Little is known about Loir’s life. She was trained by a distinguished French academic painter, Jean-François de Troy, and may have spent some time in Rome. That sojourn seems especially likely between the mid-1730s and 1740s, when there is no record of any artistic activity by her in Paris and when her teacher served as director of the Académie de France in Rome.
Scholars believe that Loir may also have lived for a time in the south of France. This theory is based on records of portraits she painted during the 1720s for patrons in Pau and her election to the Academy of Marseilles in 1762.
Niki de Saint-Phalle
Niki de Saint-Phalle was a French-American sculptor, painter, and filmaker, born in Neuilly-Sur-Seine, near Paris, in 1930. She spent most of her childhood and adolescence in New York City, and summers in Connecticut or Long Island. She frequently returned to France to visit relatives, becoming fluent in both French and English.
While attending a convent school in her youth, Saint-Phalle painted the fig leaves covering the classical sculptures on campus red, illustrating an early love of color and a disregard for following the rules. In her late teens, she married writer Harry Mathews, began a career as a fashion model, and also studied to become an actress. But in 1953, she was hospitalized for depression, and she began to delve into painting and collage.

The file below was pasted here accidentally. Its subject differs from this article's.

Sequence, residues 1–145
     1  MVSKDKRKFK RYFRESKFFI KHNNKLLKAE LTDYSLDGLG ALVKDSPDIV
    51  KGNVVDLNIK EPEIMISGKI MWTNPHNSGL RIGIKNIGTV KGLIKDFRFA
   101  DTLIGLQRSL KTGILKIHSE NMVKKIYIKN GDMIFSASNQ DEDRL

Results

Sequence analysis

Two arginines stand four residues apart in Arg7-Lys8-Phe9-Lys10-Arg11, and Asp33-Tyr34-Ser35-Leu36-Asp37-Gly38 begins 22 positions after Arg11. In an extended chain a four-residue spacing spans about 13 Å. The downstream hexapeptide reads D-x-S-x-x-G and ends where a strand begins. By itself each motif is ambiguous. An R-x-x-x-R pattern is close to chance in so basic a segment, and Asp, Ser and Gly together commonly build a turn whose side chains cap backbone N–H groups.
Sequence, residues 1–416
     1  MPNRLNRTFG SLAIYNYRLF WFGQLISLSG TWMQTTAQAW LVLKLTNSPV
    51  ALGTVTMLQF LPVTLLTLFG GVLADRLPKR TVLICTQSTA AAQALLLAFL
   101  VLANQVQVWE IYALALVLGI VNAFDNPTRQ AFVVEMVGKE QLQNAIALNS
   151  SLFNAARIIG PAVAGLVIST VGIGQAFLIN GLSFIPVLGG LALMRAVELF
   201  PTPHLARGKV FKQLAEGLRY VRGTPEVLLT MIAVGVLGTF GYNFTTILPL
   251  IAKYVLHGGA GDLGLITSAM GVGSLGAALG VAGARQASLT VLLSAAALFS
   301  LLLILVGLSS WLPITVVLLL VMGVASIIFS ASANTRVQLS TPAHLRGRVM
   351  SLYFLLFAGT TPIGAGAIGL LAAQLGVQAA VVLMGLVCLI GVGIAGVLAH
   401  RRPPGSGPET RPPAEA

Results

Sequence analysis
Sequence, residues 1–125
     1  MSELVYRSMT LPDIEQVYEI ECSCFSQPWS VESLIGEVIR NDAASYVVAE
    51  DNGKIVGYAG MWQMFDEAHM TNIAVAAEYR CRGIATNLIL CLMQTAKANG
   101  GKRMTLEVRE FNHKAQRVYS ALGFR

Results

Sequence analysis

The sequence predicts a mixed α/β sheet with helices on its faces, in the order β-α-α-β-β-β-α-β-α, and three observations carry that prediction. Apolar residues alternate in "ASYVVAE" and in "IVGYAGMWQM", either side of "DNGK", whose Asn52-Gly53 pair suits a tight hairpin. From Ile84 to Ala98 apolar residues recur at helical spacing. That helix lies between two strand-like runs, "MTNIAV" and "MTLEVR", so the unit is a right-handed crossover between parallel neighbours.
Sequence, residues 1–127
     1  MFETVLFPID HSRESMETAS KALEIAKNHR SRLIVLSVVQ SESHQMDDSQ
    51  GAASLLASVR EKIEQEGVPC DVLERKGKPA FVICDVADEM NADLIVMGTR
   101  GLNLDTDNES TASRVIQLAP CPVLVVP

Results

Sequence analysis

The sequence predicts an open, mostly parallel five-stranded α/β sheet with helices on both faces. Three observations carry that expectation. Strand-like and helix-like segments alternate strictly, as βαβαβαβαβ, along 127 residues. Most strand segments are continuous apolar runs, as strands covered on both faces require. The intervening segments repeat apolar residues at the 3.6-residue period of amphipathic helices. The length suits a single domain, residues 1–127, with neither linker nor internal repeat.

Saint-Phalle was a self-taught artist who experimented with creative techniques that were distinctly her own. In the mid-1960s, Saint Phalle began to focus on figures of women. She called these sculptures “Nanas,” which translates to “broads” or “chicks” in English. These works epitomize Saint Phalle’s fascination with both conventional and progressive ideas about femininity.
In part II, you’ll find more examples of French-related works from the National Museum for Women in the Arts.
Before you leave, however, I’d love to hear what you thought of the pieces in this post or of the museum in general. Have you ever visited? Which pieces are your favorites? Are there any that you feel are unworthy? Let me know in the comments below.
I’ve lifted and condensed most of the descriptions of the artists’ lives from pages on Wikipedia and the NMWA website.